## Arthur Jensen Lower Half of Curve and Peano Axioms

Kevin Lamb writes about Arthur Jensen, pioneer of IQ controversy.   Steve Sailer writes about Daily Mail coverage of Jensen’s passing.

It may be thought the Peano Axioms and that successor notation 1=0′,  2=1′, etc is for the top of the curve.  However, the bottom may profit from these as well.

2+0 = 2

2+3′ = (2+3)’

These equations are the definition of addition for these specific cases.   They lead to a discussion of them.

The second equation defines addition for 2+4 using the already defined value for 2+3.  We count on from the 3 in 2+3 as an addend. At the same time, we count on from the sum on the right hand side.

We count on the sum to count on the addend.

“Count on” is a phrase widely used to explain addition. What these equations say is that counting on actually defines addition when we structure our explanation properly.  This is a magic insight at an early age.

Numbers are easier than geometry.   For the bottom half of the curve, the place to learn axioms is whole numbers, not plane geometry.

By adding the use of the prime notation for counting on just one number, we can express the recursive structure of addition.  This is what we are teaching them with counting on and number lines. We just don’t say so.  By saying so, we teach them structure.   Structure sparks the imagination because structure gives you the feeling of understanding.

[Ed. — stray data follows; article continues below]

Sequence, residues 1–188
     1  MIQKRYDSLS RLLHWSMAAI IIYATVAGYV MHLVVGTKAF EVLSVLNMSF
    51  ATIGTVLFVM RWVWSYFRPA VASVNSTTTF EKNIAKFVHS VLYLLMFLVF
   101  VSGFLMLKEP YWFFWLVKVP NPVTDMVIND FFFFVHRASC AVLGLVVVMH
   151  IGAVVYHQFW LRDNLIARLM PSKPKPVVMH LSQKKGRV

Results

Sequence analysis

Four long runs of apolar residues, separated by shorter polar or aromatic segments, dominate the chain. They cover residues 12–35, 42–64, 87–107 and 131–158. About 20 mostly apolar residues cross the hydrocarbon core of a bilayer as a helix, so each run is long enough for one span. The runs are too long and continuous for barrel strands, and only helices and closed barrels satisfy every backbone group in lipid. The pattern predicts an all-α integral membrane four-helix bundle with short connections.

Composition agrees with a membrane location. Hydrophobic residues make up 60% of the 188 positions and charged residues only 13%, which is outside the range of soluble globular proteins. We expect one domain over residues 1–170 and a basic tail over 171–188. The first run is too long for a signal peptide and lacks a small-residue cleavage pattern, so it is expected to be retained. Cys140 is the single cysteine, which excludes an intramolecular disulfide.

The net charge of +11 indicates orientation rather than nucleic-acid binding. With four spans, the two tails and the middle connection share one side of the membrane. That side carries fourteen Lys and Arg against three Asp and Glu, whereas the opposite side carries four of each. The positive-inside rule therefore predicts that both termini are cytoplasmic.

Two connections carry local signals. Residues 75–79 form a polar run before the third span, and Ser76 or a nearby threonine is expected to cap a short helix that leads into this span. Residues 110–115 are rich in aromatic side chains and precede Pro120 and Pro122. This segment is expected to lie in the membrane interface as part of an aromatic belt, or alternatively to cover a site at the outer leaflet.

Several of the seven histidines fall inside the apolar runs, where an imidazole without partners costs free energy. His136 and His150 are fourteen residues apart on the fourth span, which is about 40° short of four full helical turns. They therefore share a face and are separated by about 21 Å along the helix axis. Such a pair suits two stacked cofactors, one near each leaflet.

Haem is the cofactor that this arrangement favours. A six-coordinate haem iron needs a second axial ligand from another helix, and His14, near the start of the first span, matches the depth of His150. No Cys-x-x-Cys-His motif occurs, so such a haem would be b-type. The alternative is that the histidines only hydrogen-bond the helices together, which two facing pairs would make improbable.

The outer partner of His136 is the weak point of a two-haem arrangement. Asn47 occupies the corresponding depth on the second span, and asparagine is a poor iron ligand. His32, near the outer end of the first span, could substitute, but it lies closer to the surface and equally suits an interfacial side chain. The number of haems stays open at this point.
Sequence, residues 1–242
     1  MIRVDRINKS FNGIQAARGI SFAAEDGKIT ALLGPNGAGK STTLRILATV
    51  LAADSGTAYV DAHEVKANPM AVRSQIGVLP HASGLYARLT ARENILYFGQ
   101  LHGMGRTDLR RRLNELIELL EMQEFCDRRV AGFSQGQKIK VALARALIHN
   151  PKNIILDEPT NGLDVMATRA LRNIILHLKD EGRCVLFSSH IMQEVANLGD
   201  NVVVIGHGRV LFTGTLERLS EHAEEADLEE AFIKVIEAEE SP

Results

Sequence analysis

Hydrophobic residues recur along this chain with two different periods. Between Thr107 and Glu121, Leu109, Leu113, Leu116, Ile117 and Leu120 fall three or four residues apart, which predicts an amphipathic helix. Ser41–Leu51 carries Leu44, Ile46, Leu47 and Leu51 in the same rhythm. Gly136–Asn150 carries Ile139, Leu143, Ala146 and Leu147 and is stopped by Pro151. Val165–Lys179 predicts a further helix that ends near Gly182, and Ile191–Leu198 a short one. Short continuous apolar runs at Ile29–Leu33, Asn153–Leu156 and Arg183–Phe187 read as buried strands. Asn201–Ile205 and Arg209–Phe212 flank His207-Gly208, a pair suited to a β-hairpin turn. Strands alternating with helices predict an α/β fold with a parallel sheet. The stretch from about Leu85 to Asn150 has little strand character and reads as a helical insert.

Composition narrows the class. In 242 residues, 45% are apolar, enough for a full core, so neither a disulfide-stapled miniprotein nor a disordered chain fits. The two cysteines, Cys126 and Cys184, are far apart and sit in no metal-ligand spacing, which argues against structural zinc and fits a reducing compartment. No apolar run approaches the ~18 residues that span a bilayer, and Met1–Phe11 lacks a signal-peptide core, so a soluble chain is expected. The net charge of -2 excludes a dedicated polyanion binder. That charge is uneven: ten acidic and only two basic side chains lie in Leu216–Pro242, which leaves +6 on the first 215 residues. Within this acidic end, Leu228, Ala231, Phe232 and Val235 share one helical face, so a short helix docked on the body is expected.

The bottom half of the curve needs the feeling of understanding in order to persevere.  They are the ones who give up because they don’t understand. Even more than poor grades, the feeling of not understanding and that they can’t understand impacts them.

This is the core of where the self esteemers are coming from.  The Peano Axioms build self esteem because they can be mastered by the lower half of the curve and they can master the definition of addition given above.  This is very powerful precisely because this is real math and real understanding because it is the actual real structure of elementary math.

The reason the Peano Axioms excite old math profs is because they are the real deal.  That is why they will excite the bottom half of the curve.

Whole numbers are more practical than plane geometry.  So their axioms have more value.  Those who turn their back on the Peano Axioms for tots are taking away real math that those tots can actually master.

Mastering the real definition of addition of whole numbers in terms of counting on is within the grasp of the bottom half.  It is real math and real confidence to learn them.